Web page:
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Math Out Loud

The Relativity scenarioMath Out Loud
Written and directed by Mackenzie Gray
with additional material by Roger Kemp
Producers  Dale Hartleben and Roger Kemp
Choreography Joel Sturrock
Music  by Mackenzie Gray, Joe Docherty,  Sayer Roberts.
Frederick Wood Theatre, UBC
Dec 14, 2011

Vancouver, BC. Lining the wall alongside the staircase in the house where my kids grew up were prints by M. C. Escher, a Dutch graphic artist whose drawings of infinite staircases, morphing shapes and distorted geometry are instantly recognizable.

Relativity 1953 by M.C.EscherOne such print, entitled Relativity depicts faceless, identically dressed robot-like figures ascending staircases that appear to link different dimensions in an impossible reality. So when six of these figures appeared on the stage of the Frederick Wood theatre at UBC, as Relativity was projected onto the two huge screens behind them, I figured I was going to be in for a mind-blowing treat.

Math out Loud is theatrical production directed at high school students, with the intent to integrate art, music, dance and humour in a one hour play, to engage the interest of students in mathematics.  It tells of the adventures of high school students, the artistic  Kelly (Meggie McKinnon) and the musical Damon (Sayer Roberts) as they travel through time to meet various characters who  make complex mathematical principles relevant and readily understandable. An ensemble (Paige McCulloch, Ashley Siddals, Holly Pillsbury and Jennifer Sutts) played multiple parts ranging from the Escher automatons to Cleopatra's Asp girls.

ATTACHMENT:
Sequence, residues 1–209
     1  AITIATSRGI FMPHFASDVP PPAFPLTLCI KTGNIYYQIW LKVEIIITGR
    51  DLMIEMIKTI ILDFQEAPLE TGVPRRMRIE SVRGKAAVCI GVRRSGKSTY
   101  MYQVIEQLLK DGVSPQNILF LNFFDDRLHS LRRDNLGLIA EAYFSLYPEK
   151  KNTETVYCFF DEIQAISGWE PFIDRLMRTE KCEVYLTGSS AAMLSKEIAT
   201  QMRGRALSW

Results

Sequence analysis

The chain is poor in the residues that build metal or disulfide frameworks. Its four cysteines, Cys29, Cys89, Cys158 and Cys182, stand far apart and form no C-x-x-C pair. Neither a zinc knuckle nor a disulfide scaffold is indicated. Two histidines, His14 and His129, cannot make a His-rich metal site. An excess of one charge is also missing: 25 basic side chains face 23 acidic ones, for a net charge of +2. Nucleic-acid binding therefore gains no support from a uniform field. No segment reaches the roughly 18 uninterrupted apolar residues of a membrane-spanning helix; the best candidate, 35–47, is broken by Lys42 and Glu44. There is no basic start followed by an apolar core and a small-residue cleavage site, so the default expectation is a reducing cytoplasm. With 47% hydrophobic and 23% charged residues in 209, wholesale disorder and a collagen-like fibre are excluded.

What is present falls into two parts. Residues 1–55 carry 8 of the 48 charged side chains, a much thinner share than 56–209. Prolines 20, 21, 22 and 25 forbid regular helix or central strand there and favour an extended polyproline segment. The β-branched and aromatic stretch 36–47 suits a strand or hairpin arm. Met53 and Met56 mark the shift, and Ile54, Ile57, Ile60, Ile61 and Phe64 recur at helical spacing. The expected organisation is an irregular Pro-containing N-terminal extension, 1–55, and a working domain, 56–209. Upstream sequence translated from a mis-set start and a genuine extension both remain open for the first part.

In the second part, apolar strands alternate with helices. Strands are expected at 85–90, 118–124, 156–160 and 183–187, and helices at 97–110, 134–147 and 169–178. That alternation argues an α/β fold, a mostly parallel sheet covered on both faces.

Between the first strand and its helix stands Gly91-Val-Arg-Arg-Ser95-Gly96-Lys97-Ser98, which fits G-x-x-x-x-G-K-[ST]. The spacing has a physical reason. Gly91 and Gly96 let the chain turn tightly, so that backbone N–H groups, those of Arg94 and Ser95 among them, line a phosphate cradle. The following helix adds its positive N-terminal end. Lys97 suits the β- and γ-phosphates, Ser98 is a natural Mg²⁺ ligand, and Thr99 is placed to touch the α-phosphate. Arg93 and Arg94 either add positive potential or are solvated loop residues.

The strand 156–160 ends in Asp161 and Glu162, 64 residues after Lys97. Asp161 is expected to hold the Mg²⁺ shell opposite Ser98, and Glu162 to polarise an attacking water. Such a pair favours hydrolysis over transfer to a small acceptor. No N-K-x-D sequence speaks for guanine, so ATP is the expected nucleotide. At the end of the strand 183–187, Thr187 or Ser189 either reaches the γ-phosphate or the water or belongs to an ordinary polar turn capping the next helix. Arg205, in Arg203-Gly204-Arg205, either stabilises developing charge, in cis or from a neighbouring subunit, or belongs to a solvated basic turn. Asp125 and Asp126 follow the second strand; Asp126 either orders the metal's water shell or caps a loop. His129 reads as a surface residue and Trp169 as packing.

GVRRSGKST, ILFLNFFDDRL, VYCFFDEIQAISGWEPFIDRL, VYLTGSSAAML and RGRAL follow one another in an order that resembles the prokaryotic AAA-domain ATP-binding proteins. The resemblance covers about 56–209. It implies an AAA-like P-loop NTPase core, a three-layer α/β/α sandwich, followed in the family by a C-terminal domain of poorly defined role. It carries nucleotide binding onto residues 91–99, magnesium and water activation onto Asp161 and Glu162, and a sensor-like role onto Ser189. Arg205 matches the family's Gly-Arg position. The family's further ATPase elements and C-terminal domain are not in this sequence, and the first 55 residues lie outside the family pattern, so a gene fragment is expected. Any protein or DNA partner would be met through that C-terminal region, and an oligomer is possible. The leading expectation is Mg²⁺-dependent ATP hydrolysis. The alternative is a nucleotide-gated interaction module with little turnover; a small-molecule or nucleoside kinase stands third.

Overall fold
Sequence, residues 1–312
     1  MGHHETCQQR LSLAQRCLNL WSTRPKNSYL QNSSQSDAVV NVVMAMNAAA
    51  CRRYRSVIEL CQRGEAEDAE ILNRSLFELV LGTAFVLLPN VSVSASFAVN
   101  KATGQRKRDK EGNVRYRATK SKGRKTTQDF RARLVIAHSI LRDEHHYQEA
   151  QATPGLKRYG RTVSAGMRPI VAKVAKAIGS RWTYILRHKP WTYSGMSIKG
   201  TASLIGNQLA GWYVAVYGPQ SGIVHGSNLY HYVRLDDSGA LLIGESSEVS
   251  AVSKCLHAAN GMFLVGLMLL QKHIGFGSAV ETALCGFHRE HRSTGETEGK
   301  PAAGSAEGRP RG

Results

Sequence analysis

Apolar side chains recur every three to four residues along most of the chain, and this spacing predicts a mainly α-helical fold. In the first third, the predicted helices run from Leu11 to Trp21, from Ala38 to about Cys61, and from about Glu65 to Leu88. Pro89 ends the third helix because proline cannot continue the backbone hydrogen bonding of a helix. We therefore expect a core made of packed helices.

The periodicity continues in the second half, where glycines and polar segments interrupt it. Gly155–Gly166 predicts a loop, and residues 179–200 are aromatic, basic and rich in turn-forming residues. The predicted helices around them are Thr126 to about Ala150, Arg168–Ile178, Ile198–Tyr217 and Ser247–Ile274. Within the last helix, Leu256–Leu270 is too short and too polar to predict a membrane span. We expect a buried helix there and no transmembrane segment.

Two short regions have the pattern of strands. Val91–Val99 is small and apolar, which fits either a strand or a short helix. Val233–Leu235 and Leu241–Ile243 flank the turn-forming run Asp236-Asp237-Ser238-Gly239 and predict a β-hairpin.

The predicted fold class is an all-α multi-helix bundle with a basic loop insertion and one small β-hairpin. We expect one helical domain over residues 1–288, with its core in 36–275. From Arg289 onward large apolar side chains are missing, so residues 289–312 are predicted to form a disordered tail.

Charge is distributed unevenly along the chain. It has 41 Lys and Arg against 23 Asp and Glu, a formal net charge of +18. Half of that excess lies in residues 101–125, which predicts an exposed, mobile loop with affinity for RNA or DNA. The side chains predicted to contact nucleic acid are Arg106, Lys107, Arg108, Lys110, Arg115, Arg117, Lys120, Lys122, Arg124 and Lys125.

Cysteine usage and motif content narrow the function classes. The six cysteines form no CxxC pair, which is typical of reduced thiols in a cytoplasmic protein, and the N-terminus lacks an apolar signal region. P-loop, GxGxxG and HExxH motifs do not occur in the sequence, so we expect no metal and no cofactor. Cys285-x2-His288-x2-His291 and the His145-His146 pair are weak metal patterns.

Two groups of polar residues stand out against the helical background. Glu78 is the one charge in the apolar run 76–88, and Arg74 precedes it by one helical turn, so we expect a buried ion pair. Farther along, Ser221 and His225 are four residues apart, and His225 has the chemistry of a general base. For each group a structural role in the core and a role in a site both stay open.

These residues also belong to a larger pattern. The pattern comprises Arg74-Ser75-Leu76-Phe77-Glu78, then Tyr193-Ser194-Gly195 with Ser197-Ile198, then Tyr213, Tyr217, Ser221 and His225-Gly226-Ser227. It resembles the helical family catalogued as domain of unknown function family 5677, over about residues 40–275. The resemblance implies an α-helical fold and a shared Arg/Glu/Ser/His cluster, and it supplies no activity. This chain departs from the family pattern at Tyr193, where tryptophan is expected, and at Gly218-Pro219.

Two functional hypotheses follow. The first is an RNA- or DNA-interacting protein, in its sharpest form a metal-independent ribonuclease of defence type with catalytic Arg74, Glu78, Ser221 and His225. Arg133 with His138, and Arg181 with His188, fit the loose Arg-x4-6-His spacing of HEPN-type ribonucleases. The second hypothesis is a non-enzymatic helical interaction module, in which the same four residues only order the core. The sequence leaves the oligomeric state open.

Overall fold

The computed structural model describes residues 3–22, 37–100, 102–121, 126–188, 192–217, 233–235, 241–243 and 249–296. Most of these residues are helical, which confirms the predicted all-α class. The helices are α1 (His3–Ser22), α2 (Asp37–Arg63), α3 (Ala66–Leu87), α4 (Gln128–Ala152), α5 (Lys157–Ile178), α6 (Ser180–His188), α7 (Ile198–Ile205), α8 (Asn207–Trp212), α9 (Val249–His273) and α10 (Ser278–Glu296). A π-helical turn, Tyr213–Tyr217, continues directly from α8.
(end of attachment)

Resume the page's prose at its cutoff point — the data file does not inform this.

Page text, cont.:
The cast with Mackenzie GrayCleopatra scenarioThis project grew out of the educational outreach program of Mitacs, a national not-for-profit organization involved in creating and supporting research and training programs in science and technology. I was lucky enough to see  the world premiere of Math Out Loud, together with senior high school students from five schools.

As we were introduced to  characters such as Greek mathematician Eratosthenes (Cathy Chuchro),  Christopher Columbus, M.C. Escher and The Wizard of Odds (!!!) (Brandyn Eddy), so various mathematical terms were introduced. I found it educational  as well as very entertaining. While I am comfortable with probability,  I had no idea what terms like tesselation (repeated tilings) or recursion (the process of repeating items in a self-similar way, like seeing oneself repeated to infinity in two mirrors with surfaces exactly parallel with each other) meant. Now I do !

The show was bright, colourful, fast moving with lots of music - as  appealing to  a generation that has grown up with music videos and electronic games, as it was me who did not. The show seemed to go down very well with the students sitting near me, judging by their comments and applause.

There are plans to tour the show round BC and hopefully on a national tour. Teachers who would like their students to see Math Out Loud should contact Mitacs at www.mathoutloud.ca.